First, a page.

Startup accelerator Techstars is raising $150 million for its new fund, SEC filings show. The accelerator is seeking new capital ahead of the end of the deployment period of its third institutionally-backed fund, Techstars Accelerator 2021, later this year.
Techstars declined to offer details on how it intends to use or deploy the funding, citing regulatory restrictions. However, like its predecessors, the new fund, Techstars Accelerator 2024, is expected to be used for accelerator-stage and/or post-accelerator investments.
Notably, the Boulder-based early-stage investor has used its current fund only for accelerator-stage investments. Its previous funds backed startups both during the accelerator stage and with follow-on investments after the program.
Fund 3 aimed to back over 800 pre-seed and seed startups that are part of its global accelerator programs by the end of 2023. Through its accelerator groups, Techstars has so far backed over 3,500 early-stage startups in various sectors including healthtech, fintech, web3 and cleantech.
Startups going through Techstars’ three-month program receive $20,000 and a $100,000 convertible note in exchange for 6% to 9% of common stock, in addition to access to its network and mentorship, amongst other resources.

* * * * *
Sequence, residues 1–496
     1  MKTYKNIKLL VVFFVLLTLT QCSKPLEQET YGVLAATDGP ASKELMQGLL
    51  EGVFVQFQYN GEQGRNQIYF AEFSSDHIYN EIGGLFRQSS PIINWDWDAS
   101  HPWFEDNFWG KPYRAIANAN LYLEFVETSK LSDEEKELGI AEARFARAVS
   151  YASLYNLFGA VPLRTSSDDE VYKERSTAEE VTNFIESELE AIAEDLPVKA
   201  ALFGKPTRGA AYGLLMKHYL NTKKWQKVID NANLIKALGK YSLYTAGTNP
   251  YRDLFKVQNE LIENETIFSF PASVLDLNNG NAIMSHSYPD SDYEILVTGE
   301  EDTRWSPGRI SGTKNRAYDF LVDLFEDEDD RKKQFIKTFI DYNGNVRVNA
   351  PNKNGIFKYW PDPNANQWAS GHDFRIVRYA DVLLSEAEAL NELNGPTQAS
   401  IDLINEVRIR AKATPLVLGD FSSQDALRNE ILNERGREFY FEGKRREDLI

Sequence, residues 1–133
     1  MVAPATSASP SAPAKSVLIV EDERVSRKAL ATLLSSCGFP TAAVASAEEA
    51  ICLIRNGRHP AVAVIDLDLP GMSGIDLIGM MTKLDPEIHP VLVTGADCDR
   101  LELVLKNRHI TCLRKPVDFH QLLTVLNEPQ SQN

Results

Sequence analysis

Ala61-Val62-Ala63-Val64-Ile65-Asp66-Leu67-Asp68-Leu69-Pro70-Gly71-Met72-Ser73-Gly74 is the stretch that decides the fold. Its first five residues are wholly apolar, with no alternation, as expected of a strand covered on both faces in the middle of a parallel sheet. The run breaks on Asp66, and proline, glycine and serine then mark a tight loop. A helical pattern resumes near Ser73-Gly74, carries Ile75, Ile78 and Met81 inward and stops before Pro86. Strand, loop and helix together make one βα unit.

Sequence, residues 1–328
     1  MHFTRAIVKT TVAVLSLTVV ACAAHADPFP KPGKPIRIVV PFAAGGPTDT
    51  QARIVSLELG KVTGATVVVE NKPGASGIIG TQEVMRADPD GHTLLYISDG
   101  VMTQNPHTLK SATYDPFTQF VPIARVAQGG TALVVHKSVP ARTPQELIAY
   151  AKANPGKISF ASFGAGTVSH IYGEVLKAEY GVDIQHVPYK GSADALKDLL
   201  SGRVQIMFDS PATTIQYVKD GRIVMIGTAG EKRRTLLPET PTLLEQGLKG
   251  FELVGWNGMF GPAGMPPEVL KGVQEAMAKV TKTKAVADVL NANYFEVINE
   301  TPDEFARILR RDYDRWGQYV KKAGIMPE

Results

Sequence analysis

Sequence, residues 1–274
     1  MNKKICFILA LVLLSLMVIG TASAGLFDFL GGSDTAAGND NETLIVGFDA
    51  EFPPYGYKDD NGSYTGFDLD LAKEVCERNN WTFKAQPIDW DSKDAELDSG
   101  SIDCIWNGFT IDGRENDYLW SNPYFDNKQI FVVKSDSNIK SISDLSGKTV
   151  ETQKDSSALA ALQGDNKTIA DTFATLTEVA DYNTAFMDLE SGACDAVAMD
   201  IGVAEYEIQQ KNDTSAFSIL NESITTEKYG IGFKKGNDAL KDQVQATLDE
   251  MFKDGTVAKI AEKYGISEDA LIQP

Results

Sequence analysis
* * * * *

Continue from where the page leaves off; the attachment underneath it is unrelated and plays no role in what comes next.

Founded in 2006, Techstars runs over 50 accelerator groups in major cities across the globe, including New York, Los Angeles, London, Boston, Tel Aviv and Lagos. The accelerator launched the Lagos arm last year in partnership with ARM Labs as part of its plan to expand its specialist and generalist programs globally.
To double down on its growth and expansion plans, Techstars recently launched new funds to bolster its investment efforts.
Last year, for instance, it launched Rising Stars, a fund to back startups that are too early for its accelerator programs. Under this fund, Techstars will issue $100,000 checks in exchange for 7% to 10% equity.
The accelerator also launched the $80 million Advancing Cities Fund in partnership with JPMorgan to back over 400 startups by diverse founders in nine cities across the U.S.